Free market? more like free reign for them to pick us off one by one. While they pressure to enter more markets and take control in the name of free enterprise.

Give an old time neighbourhood any time... "apek sayurs" "pak cik ikans" "mamak rotis"..."pak cik dagings" "apek ais krims" "paper lama traks" "kutip duit hari raya kids" "neighbourhood soccer matches" "cendol stands" "gerai laksas" "mamak tosais" "cina papaer" "awek awek aweks".

And these trivial suings.. from a corporation like that. I thought they came from a place of FREE speech and free ideas? The common western rant ain't it. We control press while theirs are free to talk about anything? But in all seriousness them suing the journalists for such rather small pontifications is actually more damaging to their reputation than anything anyone could have written. Nothing is worse then a big bad wolf of a heartless corporation.

Sincerely,

The UnMalaysian Voice.

@baronhawk rambling

animah said...

I still buy my veg and ikan tenggiri from a little lorry that comes up the hill everyday.

For my groceries, I go to the little shop in Ampang Jaya. They know me and my daughter. I suspect I pay more than if I just went to tescos, but I get very lost and stressed in big supermarkets.

I feel that I'm buying food from people I know and can chat with, not non smiling reluctant sales girls. It makes a big difference.

I wish we had a roti man though.

Anonymous said...

i try to avoid anywhere that is too crowded. it's crazy to go to Tesco, carrefour , giant on weekends. There'r Giant, Tesco and now Carrefour in the small town of Melaka : ( and the smaller supermarket like Fajar is badly affected..sigh..I heard, giant hypermarket -Wallmart is coming in this year...not sure it's true..and they will not be just a threat to the smaller supermarket. They are going to have a huge space for discounted books! Poor local booksellers..how to survive lar!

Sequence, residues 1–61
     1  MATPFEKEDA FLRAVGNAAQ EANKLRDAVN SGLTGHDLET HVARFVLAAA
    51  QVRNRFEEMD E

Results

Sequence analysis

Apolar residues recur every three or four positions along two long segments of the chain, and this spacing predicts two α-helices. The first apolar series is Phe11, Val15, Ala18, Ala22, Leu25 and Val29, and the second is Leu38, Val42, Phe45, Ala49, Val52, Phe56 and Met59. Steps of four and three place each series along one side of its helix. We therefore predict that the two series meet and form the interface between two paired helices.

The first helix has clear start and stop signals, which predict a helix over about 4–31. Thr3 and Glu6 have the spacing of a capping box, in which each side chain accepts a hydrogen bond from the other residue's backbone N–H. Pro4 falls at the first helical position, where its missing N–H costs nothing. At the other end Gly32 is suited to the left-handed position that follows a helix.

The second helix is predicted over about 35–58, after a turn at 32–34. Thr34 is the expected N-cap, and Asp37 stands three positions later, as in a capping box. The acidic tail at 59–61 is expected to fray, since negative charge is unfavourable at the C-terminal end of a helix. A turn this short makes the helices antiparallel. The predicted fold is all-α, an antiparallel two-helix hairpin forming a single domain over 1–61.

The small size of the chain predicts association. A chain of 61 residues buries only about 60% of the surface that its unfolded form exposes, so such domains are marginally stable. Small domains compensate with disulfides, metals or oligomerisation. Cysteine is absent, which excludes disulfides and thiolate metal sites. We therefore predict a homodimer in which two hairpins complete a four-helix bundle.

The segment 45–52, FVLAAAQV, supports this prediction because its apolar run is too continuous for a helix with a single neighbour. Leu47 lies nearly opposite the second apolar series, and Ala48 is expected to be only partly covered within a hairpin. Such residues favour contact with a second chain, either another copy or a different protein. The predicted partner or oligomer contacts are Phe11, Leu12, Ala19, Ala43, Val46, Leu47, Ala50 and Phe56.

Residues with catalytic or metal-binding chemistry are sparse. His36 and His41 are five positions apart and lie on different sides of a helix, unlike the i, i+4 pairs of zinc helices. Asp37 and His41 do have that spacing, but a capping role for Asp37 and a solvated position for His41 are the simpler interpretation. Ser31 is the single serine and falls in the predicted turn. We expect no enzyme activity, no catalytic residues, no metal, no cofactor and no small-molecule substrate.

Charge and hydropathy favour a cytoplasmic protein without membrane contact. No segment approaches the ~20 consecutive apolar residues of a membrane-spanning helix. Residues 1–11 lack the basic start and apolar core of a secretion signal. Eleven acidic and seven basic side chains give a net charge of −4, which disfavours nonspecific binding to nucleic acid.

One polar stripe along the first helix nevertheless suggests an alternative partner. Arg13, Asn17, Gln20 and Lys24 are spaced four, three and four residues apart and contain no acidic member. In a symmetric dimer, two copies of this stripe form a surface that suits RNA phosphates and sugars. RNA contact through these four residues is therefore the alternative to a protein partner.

Karcy R. said...

Are they insane? Why in the world sue these writers? Thank goodness I never buy from Tesco anyway.

Screw Tesco!

Anonymous said...

The Thai government will arrest you for criticizing the King. If you ever bring up the subject of the monarchy in a conversation with any Thai, you can almost litterally see the fear in his face. Worse than whips.

If they are badly affected, then maybe they should do something else.

Baronhawk, you misunderstand free speech. Free speech means you can say anything if you agree to accept the consequences. What this means is that, while you can say anything, you should be held responsible for anything you say.

People always mistake legal freedom from simple freedom.

Anonymous said...

A case in point, Karpal Singh had a teenager arrested for threatening him in a shoutbox. That's what free speech means, it means no one should stop you from speaking, it doesn't mean you should be able to escape the consequences of your speech :)

Khairil said...

Tesco not expanding quickly, are u kidding me? I've got two tesco stores in my area, just less than 1/2 mile from one another.

But gotta love their addictive *double* chocolate chip cookies. Luckily, we cant use our clubcard in other countries, if not it might appear that they sought for world domination.

Anonymous said...

Well I still don't have a Tesco's (or any hypermart :P ) within half-an-hour from here :P

kyojeff said...

the no.1 retail hypermarket in malaysia is carrefour because every product that sell at carrefour is the lower price and 100% refund policies.